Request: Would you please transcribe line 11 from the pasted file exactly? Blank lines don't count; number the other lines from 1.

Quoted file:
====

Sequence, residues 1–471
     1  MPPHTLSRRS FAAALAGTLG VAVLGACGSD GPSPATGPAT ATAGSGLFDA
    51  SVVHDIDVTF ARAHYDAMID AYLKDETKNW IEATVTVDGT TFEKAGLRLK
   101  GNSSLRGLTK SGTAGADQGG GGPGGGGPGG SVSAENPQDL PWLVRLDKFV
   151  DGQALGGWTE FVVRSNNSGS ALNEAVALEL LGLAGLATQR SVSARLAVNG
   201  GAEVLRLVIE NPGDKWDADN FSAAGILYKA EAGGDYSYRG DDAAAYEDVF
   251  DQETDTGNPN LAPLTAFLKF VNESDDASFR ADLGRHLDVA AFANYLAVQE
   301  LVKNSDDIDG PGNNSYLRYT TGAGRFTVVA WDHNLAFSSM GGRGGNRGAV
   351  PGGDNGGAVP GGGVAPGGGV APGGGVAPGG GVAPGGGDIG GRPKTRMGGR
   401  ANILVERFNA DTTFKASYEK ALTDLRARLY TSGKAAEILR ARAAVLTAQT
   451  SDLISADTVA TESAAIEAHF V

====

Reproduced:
   451  SDLISADTVA TESAAIEAHF V